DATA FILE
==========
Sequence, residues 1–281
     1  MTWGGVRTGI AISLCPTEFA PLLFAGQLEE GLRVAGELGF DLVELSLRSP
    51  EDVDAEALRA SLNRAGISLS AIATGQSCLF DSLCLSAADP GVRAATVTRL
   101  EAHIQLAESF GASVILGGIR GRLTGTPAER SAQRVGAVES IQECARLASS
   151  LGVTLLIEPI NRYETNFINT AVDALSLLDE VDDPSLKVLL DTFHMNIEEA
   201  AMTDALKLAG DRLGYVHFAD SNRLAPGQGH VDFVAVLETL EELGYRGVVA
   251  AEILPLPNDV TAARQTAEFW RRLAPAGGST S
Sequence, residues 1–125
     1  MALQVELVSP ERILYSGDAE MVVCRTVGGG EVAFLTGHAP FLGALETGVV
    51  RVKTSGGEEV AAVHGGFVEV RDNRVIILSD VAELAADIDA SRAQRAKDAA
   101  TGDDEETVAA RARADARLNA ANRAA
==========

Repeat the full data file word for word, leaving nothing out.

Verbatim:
Sequence, residues 1–281
     1  MTWGGVRTGI AISLCPTEFA PLLFAGQLEE GLRVAGELGF DLVELSLRSP
    51  EDVDAEALRA SLNRAGISLS AIATGQSCLF DSLCLSAADP GVRAATVTRL
   101  EAHIQLAESF GASVILGGIR GRLTGTPAER SAQRVGAVES IQECARLASS
   151  LGVTLLIEPI NRYETNFINT AVDALSLLDE VDDPSLKVLL DTFHMNIEEA
   201  AMTDALKLAG DRLGYVHFAD SNRLAPGQGH VDFVAVLETL EELGYRGVVA
   251  AEILPLPNDV TAARQTAEFW RRLAPAGGST S
Sequence, residues 1–125
     1  MALQVELVSP ERILYSGDAE MVVCRTVGGG EVAFLTGHAP FLGALETGVV
    51  RVKTSGGEEV AAVHGGFVEV RDNRVIILSD VAELAADIDA SRAQRAKDAA
   101  TGDDEETVAA RARADARLNA ANRAA